Walt Disney World has released 2017 vacation package information, and along with it, pricing and details for the various Disney Dining Plans. Naturally, there are pricing changes. The Quick-Service and standard Disney Dining Plans each increase by about 4-6%, while the Deluxe Dining Plan decreases by around 11%. (Wait. Decrease? That can’t be right.)
We note that Disney has not yet released official pricing for the 2017 Disney Dining Plans, so we reverse-engineered the pricing by selecting a travel date that was in the standard season previously, and doing the math ourselves to remove the known costs of other elements of the package (see screenshot above–that includes hotel, tickets, and Dining Plan, so you can pick your jaw up off the floor). While those increases seem pretty consistent with past years, a decrease on the Deluxe Dining Plan seems odd. However, that is what the math shows. We aren’t totally convinced that Deluxe pricing is accurate (although there might be reason for it, as you’ll read below), so if you want the Deluxe Plan for 2017, consider booking now to lock-in that pricing. (On the downside, since there are no discounts for 2017 available yet, once you apply a future discount, you have to apply whatever pricing is at that time…)
Based upon our theoretical travel 2017 travel dates, adult per night pricing for the plans is as follows: $46.34 for the Quick-Service Plan; $67.33 for the standard Disney Dining Plan; and, $103.57 for the Deluxe Disney Dining Plan. The Dining Plans have been subject to peak season surcharges for several years now, so if you’re traveling during a busier time of year, you can expect to pay more.
In addition to the predictable pricing increases, there is one other notable change. This is that Counter Service meals will no longer include dessert. Instead, guests on both the Standard and Quick-Service Disney Dining Plans now receive 2 snacks each day instead of 1. We consider this a reasonable “win” for guests using the Standard DDP, as the extra snack credit is more versatile than a dessert. This is especially true for those traveling during Epcot’s International Food & Wine Festival, as the most expensive booth items cost ~$3 more than the most expensive snacks, so there’s good opportunity to squeeze more value out this plan. However, for those on the Quick-Service DDP who would use the counter service credits for lunch and dinner, you’re effectively trading 2 desserts for 1 snack credit–not such a good deal.
This also could, potentially, explain the price drop on the Deluxe Plan. Its definition of a Counter Service meal also changes to cut the dessert, but there’s no corresponding snack credit increase. If the price cut on that plan holds, we suspect maybe Disney has seen a drop in Deluxe Dining Plan usage after disproportionate price bumps the last couple of years.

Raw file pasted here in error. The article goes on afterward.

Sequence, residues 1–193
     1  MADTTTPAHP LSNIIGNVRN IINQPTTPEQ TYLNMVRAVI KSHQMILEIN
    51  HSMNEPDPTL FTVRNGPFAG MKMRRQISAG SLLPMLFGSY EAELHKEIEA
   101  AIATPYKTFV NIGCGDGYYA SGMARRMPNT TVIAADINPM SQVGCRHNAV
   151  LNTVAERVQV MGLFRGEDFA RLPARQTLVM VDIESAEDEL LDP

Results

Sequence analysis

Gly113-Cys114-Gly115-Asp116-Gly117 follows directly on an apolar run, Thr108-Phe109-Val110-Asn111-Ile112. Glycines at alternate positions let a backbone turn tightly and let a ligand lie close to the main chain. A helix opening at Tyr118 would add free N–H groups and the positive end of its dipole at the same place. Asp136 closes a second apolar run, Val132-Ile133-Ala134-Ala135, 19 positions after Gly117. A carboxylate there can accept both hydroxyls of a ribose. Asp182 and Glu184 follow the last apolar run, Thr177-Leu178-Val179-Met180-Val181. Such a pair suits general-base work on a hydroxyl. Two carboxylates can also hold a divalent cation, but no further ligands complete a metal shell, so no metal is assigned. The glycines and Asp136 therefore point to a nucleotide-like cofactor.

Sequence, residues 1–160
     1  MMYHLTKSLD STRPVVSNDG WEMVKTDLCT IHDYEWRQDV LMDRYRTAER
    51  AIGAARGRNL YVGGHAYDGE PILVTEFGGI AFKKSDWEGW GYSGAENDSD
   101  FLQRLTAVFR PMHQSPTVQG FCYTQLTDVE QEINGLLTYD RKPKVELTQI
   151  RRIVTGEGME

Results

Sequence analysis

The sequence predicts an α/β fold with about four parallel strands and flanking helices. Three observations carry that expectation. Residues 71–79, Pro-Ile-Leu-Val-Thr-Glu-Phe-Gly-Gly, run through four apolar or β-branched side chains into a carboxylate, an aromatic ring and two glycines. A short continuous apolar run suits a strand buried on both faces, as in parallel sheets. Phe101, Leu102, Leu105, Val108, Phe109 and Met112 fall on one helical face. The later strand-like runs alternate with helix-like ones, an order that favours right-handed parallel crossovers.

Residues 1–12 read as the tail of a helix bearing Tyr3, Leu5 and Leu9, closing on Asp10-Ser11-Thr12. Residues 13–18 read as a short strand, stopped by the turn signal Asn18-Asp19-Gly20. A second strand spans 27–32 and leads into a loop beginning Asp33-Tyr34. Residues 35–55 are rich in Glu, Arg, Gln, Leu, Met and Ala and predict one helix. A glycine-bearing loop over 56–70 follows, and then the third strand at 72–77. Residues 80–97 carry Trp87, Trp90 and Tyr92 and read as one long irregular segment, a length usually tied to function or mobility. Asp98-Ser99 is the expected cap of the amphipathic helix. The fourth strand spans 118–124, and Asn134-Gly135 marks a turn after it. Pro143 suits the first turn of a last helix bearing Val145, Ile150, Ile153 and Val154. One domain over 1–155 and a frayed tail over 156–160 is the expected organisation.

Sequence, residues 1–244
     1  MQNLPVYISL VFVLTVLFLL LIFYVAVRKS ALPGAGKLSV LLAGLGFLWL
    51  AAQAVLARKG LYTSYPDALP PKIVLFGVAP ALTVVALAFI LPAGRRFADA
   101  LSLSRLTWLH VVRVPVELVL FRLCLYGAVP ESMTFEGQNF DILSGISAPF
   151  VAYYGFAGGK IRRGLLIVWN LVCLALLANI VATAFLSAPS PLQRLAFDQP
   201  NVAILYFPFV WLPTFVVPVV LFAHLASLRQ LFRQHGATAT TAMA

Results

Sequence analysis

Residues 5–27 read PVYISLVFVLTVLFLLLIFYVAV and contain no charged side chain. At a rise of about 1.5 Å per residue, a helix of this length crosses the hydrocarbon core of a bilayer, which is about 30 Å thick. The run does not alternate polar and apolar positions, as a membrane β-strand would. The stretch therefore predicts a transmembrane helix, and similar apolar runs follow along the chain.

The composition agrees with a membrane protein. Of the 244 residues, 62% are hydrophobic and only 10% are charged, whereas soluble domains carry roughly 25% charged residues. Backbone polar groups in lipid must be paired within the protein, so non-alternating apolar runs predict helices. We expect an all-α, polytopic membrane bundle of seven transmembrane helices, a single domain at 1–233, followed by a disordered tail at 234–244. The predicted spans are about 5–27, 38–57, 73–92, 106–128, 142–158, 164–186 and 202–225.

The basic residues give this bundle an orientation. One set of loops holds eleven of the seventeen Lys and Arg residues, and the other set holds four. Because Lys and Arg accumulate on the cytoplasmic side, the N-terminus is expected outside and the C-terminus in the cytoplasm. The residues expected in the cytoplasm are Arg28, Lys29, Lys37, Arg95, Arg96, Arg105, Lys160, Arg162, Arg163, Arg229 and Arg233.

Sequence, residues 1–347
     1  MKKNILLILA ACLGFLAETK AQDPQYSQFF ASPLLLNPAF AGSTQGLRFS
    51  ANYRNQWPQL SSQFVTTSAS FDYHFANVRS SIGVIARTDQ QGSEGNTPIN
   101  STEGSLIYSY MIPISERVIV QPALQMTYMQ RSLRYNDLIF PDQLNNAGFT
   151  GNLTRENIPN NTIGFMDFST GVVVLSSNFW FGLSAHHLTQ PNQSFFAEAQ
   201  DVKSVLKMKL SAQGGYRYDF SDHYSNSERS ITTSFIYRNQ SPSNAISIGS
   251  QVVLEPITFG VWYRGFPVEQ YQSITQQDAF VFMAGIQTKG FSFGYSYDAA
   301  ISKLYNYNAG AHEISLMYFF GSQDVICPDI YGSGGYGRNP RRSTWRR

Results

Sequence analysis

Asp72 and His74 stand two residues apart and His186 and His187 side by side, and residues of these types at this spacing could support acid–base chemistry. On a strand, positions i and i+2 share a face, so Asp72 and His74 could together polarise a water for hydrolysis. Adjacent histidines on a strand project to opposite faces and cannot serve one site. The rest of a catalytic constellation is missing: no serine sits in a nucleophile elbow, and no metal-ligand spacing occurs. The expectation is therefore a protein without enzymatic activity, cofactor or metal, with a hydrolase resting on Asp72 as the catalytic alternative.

You can read official details about the various Dining Plans in Disney’s pamphlets:
You might notice that there are some notable omissions in terms of participating restaurants in these PDFs. Don’t freak out. These preliminary lists always leave out restaurants that end up participating. Numerous restaurants at Walt Disney World are owned and operated by third parties (Yak & Yeti, for example), and they take a bit more time to negotiate and finalize their status with Disney. Not accepting the Dining Plan would be extremely detrimental to many of these restaurants, so you can expect to see them added in due time.
We used to be fans of the Disney Dining Plan, but it has been several years since we’ve recommended it–at least to most normal guests who don’t bring wolf packs that devour steaks at every single meal and use a spreadsheet to ensure they are getting their money’s worth–due to price increases negating the potential savings it once offered. We fixate on why the Disney Dining Plan is a poor value in our Disney Dining Plan Info, Tips, Pros & Cons post, so I won’t rehash that here.
Suffice to say, for most guests, the Disney Dining Plan only offers a pretense of convenience and budgeting assistance. In reality, most guests traveling on a budget will be better suited by purchasing discounted pre-paid Disney gift cards or some other means of advance budgeting, and simply paying out of pocket is far more convenient than adhering to the convoluted rules of the Dining Plan. While the Dining Plan can provide small savings in some circumstances, about the only time when it can be classified as a ‘good’ deal is during the Free Disney Dining Plan Promotion that typically is offered for fall travel dates. (Expect Fall 2017 Free Dining dates to be available around late April 2017.)
As for the changes, themselves, for the 2017 Disney Dining Plan, we consider them a net win–especially for those taking advantage of Free Dining with the Standard DDP. The price increases are, obviously, a bummer, but who didn’t see that coming? These increases are at least partially offset by swapping the counter service dessert for an additional snack credit. This isn’t enough for us to move the needle back in favor of using the Disney Dining Plan–or recommending it–but for those who are dead-set on using it, that is an improvement.
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What’s your take on the 2017 Disney Dining Plan changes? Do you use the plan for eating at Walt Disney World? What advantage or disadvantages do you think it offers? Share your thoughts or questions in the comments!